Ten years ago, Minnesota failed to live up to its reputation for having a well-funded public school system relative to other states, as per pupil public school spending in the Gopher State dropped below the national average. While recent increases in school funding have brought per pupil spending in Minnesota once again above the U.S. average, it still lags behind the levels of the mid-1990s.
Each year the U.S. Census Bureau publishes information on public school finances in each of the fifty states and the District of Columbia. The most current information published in June 2017 covers the 2014-15 school year (i.e., fiscal year 2015). The following analysis focuses on elementary and secondary public school “current spending,” which comprises:
…current operation expenditures, payments made by the state government on behalf of school systems, and transfers made by school systems into their own retirement funds. This classification is used only in Census Bureau education reports in an effort to provide statistics for users who wish to make interstate comparisons.
The following analysis omits data for fiscal year (FY) 2009, which—according to the Minnesota Department of Education—were inflated due to the one-time authority of school districts to issue bonds to pay for “other post-employment benefits” (primarily retired employee health insurance costs). Even though retired employees did not see the vast majority of the revenue from this bond sale in 2009, the Census Bureau counted it as FY 2009 spending; therefore, FY 2009 current spending is an outlier in this data set.
Minnesota used to spend more per pupil than the average state: in constant FY 2015 dollars,1 the state spent approximately $11,000 per pupil—or 6.8 percent above the national average. Per pupil funding in Minnesota relative to the national average fluctuated over the next ten years, but overall trended downward; by FY 2005, Minnesota’s current spending per pupil had dropped to 0.4 percent below the national average. Current spending per pupil in Minnesota dropped to just over one percent below the national average in FY 2007 and 2008.
Since FY 2010, per pupil current spending in Minnesota has risen relative to the rest of the nation. By FY 2015, Minnesota’s per pupil spending had climbed back to 4.9 percent above the U.S. average—a substantial improvement over the FY 2007 and 2008 levels, but still shy of the FY 1995 level, when Minnesota was 6.8 percent above the national average.2
Note that the above analysis does not examine absolute spending levels in Minnesota, but rather Minnesota spending relative to the national average. The improvement in Minnesota elementary and secondary public school current spending relative to the rest of the nation from FY 2008 to FY 2015 owes more to a real (i.e., inflation-adjusted) per pupil decline in the national average than to an increase in Minnesota spending levels. While Minnesota’s per pupil current spending increased by 2.3 percent over this period, the national average fell by 3.6 percent. Nearly two-thirds of the increase in Minnesota’s per pupil spending relative to the U.S. average since FY 2008 arose from the real decline in national spending per pupil, not from the increase in Minnesota spending per pupil.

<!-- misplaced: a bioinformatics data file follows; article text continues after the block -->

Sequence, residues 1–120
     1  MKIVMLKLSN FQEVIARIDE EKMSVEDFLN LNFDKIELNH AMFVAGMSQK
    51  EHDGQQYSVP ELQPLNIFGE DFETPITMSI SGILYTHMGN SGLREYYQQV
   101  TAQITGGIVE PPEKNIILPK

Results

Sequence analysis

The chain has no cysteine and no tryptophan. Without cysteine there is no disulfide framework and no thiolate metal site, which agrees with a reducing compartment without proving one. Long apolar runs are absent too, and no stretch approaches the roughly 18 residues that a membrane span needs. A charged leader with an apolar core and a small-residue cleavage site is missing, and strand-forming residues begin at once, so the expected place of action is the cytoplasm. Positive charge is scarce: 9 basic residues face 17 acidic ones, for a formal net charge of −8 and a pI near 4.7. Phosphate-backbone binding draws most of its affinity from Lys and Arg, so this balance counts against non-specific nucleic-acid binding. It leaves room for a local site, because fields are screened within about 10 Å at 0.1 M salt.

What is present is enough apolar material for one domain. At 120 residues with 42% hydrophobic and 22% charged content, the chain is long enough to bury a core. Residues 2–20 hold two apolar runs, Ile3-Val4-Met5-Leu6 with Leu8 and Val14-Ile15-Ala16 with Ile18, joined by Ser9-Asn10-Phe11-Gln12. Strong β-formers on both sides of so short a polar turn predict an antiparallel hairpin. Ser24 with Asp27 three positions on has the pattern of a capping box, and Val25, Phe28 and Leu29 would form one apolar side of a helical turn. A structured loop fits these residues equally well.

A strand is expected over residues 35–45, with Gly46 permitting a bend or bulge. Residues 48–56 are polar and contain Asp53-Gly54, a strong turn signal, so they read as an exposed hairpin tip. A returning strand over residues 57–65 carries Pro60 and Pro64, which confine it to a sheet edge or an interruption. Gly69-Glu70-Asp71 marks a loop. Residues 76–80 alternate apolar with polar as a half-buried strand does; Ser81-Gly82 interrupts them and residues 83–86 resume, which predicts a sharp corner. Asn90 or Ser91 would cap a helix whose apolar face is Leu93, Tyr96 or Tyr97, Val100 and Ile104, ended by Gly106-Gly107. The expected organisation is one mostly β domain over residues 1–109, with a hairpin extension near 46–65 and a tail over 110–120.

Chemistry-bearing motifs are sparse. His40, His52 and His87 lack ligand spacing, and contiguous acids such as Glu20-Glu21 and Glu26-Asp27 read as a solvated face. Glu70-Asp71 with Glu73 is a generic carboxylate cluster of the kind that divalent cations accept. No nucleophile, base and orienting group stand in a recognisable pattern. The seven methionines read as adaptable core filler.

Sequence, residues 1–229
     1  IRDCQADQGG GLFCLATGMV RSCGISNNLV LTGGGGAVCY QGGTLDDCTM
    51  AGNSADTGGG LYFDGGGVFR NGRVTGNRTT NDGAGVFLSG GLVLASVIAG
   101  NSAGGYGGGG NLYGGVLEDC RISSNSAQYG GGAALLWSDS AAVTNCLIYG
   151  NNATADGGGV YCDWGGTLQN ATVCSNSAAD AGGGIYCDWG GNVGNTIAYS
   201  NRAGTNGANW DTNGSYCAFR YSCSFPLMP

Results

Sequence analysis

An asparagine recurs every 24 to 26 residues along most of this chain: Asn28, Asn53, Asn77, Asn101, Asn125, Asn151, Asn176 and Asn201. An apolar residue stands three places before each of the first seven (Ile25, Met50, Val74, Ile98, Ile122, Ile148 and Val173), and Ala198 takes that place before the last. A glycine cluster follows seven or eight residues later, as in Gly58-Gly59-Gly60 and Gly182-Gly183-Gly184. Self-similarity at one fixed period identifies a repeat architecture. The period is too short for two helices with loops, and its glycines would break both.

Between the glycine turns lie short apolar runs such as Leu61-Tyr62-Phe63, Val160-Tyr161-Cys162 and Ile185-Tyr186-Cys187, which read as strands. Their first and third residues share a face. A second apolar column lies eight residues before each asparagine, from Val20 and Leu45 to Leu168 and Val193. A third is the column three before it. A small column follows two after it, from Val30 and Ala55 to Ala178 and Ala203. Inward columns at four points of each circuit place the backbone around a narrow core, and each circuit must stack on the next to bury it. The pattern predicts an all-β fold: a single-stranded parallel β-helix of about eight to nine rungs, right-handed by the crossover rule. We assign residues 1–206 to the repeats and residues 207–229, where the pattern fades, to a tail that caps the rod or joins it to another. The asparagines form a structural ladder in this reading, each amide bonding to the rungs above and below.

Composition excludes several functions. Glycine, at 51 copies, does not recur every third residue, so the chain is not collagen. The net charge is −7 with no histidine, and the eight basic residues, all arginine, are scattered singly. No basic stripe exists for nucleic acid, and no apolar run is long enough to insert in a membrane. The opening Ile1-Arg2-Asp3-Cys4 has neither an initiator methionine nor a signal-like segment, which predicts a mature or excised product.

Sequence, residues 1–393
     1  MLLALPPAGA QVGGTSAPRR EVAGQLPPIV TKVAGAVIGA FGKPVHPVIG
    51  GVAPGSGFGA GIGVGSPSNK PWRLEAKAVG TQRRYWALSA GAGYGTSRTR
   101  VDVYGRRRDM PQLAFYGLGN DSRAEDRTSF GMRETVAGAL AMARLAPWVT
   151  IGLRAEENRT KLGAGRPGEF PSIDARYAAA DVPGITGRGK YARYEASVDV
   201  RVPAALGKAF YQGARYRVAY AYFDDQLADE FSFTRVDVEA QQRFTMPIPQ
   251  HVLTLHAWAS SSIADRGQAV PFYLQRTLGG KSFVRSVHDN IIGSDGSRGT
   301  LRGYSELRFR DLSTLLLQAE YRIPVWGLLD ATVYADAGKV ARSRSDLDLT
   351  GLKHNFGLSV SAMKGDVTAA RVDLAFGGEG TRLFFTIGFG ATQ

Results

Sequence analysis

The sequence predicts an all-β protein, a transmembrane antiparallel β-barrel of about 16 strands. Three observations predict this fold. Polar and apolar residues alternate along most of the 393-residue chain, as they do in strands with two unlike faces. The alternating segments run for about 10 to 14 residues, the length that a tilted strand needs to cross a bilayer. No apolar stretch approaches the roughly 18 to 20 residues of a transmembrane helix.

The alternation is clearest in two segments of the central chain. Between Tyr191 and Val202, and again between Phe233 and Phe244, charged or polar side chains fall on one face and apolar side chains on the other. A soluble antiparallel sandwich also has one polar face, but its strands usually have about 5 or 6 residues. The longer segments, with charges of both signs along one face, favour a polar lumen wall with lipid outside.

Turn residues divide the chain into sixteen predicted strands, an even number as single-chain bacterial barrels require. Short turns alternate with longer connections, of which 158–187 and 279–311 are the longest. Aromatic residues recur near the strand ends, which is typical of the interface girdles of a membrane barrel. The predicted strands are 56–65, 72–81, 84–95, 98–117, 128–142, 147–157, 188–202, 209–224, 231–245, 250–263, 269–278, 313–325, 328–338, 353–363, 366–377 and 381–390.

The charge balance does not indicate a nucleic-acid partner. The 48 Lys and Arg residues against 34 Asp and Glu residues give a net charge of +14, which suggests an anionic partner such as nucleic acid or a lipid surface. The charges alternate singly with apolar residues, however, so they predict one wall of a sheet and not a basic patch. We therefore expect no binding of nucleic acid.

A recent North Star report used information from the Minnesota Department of Education (MDE) to track Minnesota public school operating revenue per pupil since FY 2003.3 This information from MDE shows a significant decline in real per pupil operating revenue from FY 2003 to FY 2014. (This report differs from the Census Bureau information examined above in many ways,4 and is available only for Minnesota.) Significant increases in state aid—made possible through state tax increases enacted in 2013—have restored real per pupil operating revenues. By FY 2017, total operating revenue per pupil had returned to the FY 2003 level.
Despite a significant increase in state assistance beginning in FY 2015, real per pupil state operating aid to Minnesota school districts in FY 2017 still trails the FY 2003 level by nearly ten percent. Significant increases in school property taxes made possible the restoration of total operating revenue to the FY 2003 level; real per pupil school property taxes in Minnesota have more than doubled since their nadir in FY 2003. The vast majority of these property tax increases occurred during the period from FY 2003 to FY 2010.
Per pupil public school spending in Minnesota no longer trails the national average—as it did ten years ago—although it no longer surpasses the national average to the degree it once did. Since FY 2014, increases in state aid drove the increase in real per pupil school operating revenue, although in the longer term higher local property taxes were necessary to restore school district finances to the FY 2003 level. Minnesota’s students need continued increases in state aid to avoid more burdens on local property-tax payers and to assure adequate school funding.
1Inflation adjustments in this article are based on the Implicit Price Deflator for State and Local Government Purchases, which is the appropriate index to use when adjusting school district finances for the effects of inflation.
2Based on older information from the quinquennial Census of Governments, Minnesota’s current spending per pupil was 10.8 percent above the national average in FY 1987.
3The MDE information used in this North Star report is not available for years prior to FY 2003.
4For example, Census Bureau current spending information is based on expenditures, while the MDE information cited here is based on revenues. In addition, MDE and the Census Bureau use different pupil counts to determine per pupil amounts.